Portraying that over Twitter is no mean feat. I attempted it as a guest Tweeter on behalf of my employer, WGSN, for the @mbfashionweek account during New York at a number of shows and it’s entirely consuming.

But I don’t think the fact few editors or publications seem to be offering anything like this anymore comes down to just not having the time. With social media now reaching maturity, there’s inevitably becoming a greater push in terms of strategy for organizations and individuals alike on what to do and what not to do to achieve audience engagement.

So here’s my question: Is this lack of Twitter commentary as simple as editors just becoming more obsessed with Instagram? Or is there actually a direct decision being made not to give away too much there and then? (The knowledge of these men and women is a valuable commodity — why hand it out on a free platform, when you can rather store it up and post it on your own site for traffic generation later?)

Then again, maybe it’s just as simple as the fact we’re also all just a little bit over it. Or overwhelmed. Or lazy. Still, I’d like it back.

Digital snippets: Burberry, Calvin Klein, Moschino, Saks, M&S, Primark

27 Feb

A round-up of all the latest stories surrounding fashion and tech…

 

  • Burberry reveals ‘digital innovation’ partnership with WeChat to strengthen social presence in China [The Drum]
  • Calvin Klein asks fans to snap selfies in their skivvies for #MyCalvins campaign [BrandChannel]
  • Fast-fashion: Moschino offers fans the ability to shop its McDonald’s-themed show live [Dazed Digital]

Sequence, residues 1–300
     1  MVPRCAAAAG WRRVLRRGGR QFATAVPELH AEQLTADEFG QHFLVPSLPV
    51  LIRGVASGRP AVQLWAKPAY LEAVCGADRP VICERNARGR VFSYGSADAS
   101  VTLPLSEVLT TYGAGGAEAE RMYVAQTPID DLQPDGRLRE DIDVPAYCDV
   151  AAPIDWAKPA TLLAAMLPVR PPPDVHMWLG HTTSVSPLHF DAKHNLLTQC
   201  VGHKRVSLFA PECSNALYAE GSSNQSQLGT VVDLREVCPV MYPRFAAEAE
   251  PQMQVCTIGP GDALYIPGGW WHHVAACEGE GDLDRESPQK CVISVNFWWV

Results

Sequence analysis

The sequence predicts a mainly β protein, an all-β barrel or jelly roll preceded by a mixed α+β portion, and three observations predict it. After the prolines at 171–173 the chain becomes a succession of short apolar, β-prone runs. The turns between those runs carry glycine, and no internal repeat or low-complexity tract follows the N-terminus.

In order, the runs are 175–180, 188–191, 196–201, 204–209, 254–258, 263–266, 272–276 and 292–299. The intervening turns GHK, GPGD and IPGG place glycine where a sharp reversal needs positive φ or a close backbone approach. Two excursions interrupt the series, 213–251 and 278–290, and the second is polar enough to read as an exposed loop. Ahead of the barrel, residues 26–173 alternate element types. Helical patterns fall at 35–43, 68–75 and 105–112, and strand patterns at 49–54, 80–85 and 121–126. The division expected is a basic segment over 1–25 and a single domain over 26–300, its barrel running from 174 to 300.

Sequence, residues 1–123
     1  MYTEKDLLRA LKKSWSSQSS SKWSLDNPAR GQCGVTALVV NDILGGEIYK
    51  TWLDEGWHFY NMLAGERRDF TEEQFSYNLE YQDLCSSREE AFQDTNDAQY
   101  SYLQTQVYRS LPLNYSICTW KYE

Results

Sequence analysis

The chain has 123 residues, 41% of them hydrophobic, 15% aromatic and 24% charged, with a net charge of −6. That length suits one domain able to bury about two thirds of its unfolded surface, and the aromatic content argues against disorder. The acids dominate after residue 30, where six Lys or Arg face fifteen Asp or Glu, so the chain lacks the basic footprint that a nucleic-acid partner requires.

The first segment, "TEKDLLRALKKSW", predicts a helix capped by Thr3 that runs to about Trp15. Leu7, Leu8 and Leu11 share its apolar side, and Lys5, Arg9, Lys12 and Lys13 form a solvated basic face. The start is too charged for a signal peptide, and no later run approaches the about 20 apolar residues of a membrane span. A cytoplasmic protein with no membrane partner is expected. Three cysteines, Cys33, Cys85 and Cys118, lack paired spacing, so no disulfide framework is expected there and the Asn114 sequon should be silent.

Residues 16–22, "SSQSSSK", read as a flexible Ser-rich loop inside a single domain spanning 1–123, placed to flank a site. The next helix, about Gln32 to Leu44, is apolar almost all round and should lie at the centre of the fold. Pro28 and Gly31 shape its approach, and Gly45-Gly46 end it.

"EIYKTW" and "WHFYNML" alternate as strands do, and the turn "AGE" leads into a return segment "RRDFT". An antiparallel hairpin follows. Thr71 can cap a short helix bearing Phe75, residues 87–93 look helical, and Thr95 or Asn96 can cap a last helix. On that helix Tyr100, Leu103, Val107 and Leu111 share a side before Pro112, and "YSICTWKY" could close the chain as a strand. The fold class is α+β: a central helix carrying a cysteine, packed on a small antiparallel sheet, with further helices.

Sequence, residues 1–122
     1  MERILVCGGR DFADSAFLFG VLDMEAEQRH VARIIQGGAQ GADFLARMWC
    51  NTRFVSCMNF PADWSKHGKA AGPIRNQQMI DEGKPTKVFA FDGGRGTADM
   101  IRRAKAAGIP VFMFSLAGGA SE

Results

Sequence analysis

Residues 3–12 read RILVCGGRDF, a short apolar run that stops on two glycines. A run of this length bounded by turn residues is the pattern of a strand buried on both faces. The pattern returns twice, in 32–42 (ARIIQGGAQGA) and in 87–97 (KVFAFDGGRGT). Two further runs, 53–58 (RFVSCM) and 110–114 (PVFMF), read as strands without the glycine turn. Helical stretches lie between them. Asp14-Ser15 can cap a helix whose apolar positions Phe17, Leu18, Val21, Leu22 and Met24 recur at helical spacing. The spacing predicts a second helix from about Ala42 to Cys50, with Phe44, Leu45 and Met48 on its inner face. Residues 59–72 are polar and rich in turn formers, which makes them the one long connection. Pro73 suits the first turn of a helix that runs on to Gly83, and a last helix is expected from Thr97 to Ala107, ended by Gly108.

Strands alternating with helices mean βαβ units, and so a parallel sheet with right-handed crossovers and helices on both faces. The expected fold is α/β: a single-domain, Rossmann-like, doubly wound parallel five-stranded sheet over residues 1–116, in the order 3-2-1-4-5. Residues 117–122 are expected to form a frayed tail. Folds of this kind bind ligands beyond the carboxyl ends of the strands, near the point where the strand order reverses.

• Saks recreates in-store beauty tutorials with six-second videos on Vine [LuxuryDaily]
  • Marks & Spencer launches new website to replace Amazon platform, after three years in the making [The Telegraph]
  • How Primark achieved 1.7m Facebook Likes in just six months [Econsultancy]
  • Former GQ editor Lauren Bans comes out as @CondeElevator Tweeter [Fashionista]
  • New privacy website lets you opt out of tracking in retail stores [AdAge]
  • Ebay buys virtual fitting room start-up PhiSix Fashion Labs [PC Mag]

Digital snippets: Michael Kors, Rebecca Minkoff, Vivienne Tam, Marc Jacobs, Zac Posen

17 Feb

From New York to London, and everything in between, here’s a mega round-up of all the latest stories surrounding fashion and tech…

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  • Rebecca Minkoff gives inside look at fashion week with Keek app [Mashable]
  • Vivienne Tam’s WeChat partnership delivers NYFW front-row access [Jing Daily]
  • Marc Jacobs opens fashion week pop-up that accepts Tweets as payment (as pictured) [Fashionista]
  • Zac Posen curated a Spotify playlist for his new lookbook [Styleite]
  • Alexander Wang showed colour-changing clothes during fashion week [Technical.ly]
  • Warby Parker tops list of top 10 retail innovators [Fast Company]
  • London Fashion Week: Nokia and Fyodor Golan create ‘world’s first’ smart skirt [Marketing]
  • Net-a-Porter puts its fashion sense on paper in new print magazine [BrandChannel]